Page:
"...At last! A singular name for the
SO SUDDENLY EVERYONE'S NOTICED what a handful of nutty doomsters said about the
financial crisis, long before it broke.
The end of the bubble was inevitable. Only the timing was ever in
From the Wall Street Journal's 2009 guide to the crisis starting two years ago...to new BBC drama, set "when the bubble was yet to
burst"...it doesn't matter. Whatever you want to call this on-going
crisis (and the Great Depression didn't
get its name until perhaps 1934), it was plain to see ahead of Bear Stearns'
collapse and the Lehman's failure.
Those who missed it all nod in agreement today. And here at BullionVault, we flatter
ourselves that, once or twice, we somehow managed to spy it looming before us
"One day there will be an uncontained financial accident. Within
hours credit facilities will be withdrawn, and there will be forced
derivative position liquidations at organizations around the world. Modern
derivatives will be the brokers’ loans of 1929, resulting in margin
calls, liquidations, the evaporation of confidence, spectacular losses, a
credit squeeze and financial chaos. The liquidations of assorted off-balance
sheet positions will cause the realization of big losses in many highly
geared positions. This will in turn cause dramatic re-ratings of the
creditworthiness of many borrowers..."
– Dead Cats & Live Rabbits, summer 2004
"Nothing will stop the markets rediscovering risk in 2007, we
guess...And the search for yield, when it blows up, will become a scramble
for settlement, a rush into anything offering simple ownership over
complexity, real value instead of gearing. If that sounds a little like gold
to you, you might be advised to pick up some more at today's fire-sale
– Quantum Finance & the Scramble
for Gold, 22 December 2006
"Once everyone gets back from vacation and starts to focus on
what's really going on, we may be in for a torrid few months in the financial
markets. I believe the current lull in gold prices could offer a good
opportunity to defend yourself before the real trouble begins..."
– Email to BullionVault users, 25 August 2007
Of course, "Like most predictions these particularly wild ones
[were] almost certainly wrong" as BullionVault director Paul Tustain wrote some five years ago.
Because even as we dared hazard them, these stabs at what the coming crisis
would look like remained mere guesswork. Albeit guesswork built on the
history of how all bubbles end, with the inevitable hilarious consequences
for over-geared debtors and speculators.
Regardless of our attempts to judge what's now been upon us for almost
24 months, however, investors and savers – let alone central banks and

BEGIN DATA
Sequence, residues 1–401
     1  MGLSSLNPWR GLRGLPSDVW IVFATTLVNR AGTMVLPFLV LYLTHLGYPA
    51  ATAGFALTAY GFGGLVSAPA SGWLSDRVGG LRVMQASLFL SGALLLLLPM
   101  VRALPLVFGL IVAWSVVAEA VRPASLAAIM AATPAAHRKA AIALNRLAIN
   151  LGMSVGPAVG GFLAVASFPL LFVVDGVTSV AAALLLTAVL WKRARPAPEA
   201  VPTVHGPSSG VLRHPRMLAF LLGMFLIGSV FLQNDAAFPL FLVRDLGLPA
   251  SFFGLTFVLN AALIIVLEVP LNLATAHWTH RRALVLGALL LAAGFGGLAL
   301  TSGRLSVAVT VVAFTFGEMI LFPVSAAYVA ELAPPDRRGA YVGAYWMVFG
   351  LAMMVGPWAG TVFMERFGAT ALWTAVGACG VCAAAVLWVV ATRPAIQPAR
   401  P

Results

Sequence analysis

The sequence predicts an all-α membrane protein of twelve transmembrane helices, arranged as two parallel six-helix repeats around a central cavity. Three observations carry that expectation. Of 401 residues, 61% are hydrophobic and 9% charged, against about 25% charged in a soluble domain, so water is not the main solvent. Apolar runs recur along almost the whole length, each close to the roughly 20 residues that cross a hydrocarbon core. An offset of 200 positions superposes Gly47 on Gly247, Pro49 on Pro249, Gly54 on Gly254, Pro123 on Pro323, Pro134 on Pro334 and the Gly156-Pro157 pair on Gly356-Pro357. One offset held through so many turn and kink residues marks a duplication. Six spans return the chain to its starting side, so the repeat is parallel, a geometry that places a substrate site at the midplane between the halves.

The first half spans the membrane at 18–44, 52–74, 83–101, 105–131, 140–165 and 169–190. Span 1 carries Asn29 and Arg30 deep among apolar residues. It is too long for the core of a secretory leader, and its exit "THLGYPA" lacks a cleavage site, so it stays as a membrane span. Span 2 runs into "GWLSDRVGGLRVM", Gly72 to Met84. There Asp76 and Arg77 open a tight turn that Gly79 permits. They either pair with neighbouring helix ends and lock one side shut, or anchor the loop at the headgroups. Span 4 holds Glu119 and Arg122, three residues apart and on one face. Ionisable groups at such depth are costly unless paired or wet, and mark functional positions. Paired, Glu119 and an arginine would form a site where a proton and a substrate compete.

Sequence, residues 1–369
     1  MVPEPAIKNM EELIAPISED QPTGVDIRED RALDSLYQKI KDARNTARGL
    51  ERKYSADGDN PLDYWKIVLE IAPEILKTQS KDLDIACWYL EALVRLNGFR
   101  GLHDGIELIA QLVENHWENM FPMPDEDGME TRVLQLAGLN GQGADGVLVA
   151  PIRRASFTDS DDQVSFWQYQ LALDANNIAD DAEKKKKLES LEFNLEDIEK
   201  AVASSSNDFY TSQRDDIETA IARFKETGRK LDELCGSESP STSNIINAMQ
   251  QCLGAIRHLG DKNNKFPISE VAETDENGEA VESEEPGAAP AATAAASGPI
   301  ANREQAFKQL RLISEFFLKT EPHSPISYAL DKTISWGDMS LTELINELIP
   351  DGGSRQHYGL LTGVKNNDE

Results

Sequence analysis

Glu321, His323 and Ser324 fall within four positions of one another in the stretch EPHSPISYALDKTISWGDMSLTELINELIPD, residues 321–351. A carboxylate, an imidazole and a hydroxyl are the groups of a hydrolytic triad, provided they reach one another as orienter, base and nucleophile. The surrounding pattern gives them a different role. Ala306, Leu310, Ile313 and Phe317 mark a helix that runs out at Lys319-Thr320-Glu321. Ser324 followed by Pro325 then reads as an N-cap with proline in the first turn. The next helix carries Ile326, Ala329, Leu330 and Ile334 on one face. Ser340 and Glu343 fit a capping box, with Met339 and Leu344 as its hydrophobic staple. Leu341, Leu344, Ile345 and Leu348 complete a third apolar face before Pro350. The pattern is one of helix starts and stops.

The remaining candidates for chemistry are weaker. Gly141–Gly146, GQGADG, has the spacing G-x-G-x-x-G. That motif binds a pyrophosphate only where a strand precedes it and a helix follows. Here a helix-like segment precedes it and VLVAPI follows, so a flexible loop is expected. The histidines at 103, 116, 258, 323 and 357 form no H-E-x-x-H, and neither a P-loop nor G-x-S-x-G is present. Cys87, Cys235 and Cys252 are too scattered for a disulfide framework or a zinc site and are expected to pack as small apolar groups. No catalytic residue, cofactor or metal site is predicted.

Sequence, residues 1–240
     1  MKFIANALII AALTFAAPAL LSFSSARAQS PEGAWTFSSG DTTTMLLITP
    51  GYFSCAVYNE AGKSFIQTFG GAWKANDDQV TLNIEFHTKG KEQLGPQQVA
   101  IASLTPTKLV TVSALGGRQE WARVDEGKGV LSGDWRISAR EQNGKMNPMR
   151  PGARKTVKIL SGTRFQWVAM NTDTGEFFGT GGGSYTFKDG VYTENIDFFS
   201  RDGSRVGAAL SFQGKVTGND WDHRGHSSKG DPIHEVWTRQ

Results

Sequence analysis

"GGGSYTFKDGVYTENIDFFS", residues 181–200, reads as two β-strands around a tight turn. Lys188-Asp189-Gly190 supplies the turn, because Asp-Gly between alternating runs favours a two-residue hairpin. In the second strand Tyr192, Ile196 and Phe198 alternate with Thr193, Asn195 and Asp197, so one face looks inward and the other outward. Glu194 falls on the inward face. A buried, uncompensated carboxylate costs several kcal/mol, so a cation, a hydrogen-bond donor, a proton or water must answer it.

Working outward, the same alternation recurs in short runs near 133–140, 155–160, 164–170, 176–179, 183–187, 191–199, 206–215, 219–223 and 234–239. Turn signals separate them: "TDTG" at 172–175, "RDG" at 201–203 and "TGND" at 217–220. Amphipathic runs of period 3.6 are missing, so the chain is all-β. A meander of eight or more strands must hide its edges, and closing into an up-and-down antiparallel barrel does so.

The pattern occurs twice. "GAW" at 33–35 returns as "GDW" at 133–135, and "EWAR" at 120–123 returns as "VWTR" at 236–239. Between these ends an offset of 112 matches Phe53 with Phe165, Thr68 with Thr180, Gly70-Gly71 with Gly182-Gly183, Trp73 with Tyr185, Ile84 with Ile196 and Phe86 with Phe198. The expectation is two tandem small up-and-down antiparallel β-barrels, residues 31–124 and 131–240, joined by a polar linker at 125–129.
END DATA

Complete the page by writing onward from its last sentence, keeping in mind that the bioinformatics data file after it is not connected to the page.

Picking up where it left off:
their financial watchdogs – really should have paid closer attention to
what respected, sober economists were also saying way back when.
"As far back as 2003," reports Germany's weekly Spiegel, William White – then chief economist at the
Bank for International Settlements (BIS) in Basel, Switzerland –
"implored central bankers to rethink their strategies, noting that
instability in the financial markets had triggered inflation and become the
new 'villain' in the global economy."
Come 2005, even the bubble-blowers themselves could see what was
coming. The Mortgage Insurance Companies of America (MICA), a trade body for
US mortgage providers, wrote to the Fed on 23 September that year to say it was "very
concerned". (The FDIC also received the letter, but seems to have filed
it under "mosrgagce" rather than "mortgage".)
At the same time, veteran banking analyst Richard Bove at Punk, Ziegel
& Co. in New York sent clients a report that deemed the inevitable blow
up so inevitable, it was titled "This Powder Keg Is Going to Blow". In it, Bove stated that America's
"nuclear mortgages" had no secondary market once they'd been dumped
– like so much Investment Landfill – into institutional and banking portfolios.
"One hopes it will not require a disorderly unwinding of current
excesses to prove convincingly that we have indeed been on a dangerous
path," said White of the BIS in 2006. But too late! The dangerous path
had led right to the top of the cliff, only to crumble away behind us. That's
what made it so dangerous – the fact it would inevitably lead to an
Economists, policy-makers, newspaper editors and TV critics who didn't
even know there was trouble two years ago are now queuing up to agree. So in
lieu of a better name, how about precisely that – the Great Inevitable.
It couldn't be avoided. Not with cheap money, PhD finance and
government-mandated cuts in lending standards all stoking the furnace that
kept credit growth boiling.
Only the first of those three is still at work today, so the next
crisis may well look different at first. The other two are on sabbatical
only, however, rather than permanent leave. The outcome when they return is
sure to be ugly once more.
by Adrian Ash
City correspondent for The Daily Reckoning in London, Adrian Ash is
head of research at BullionVault.com – giving you direct access to investment
gold, vaulted in Zurich, on $3 spreads and 0.8% dealing fees.
Please Note: This article is to inform your thinking, not lead
it. Only you can decide the best place for your money, and any decision you
make will put your money at risk. Information or data included here may have
already been overtaken by events – and must be verified elsewhere
– should you choose to act on it.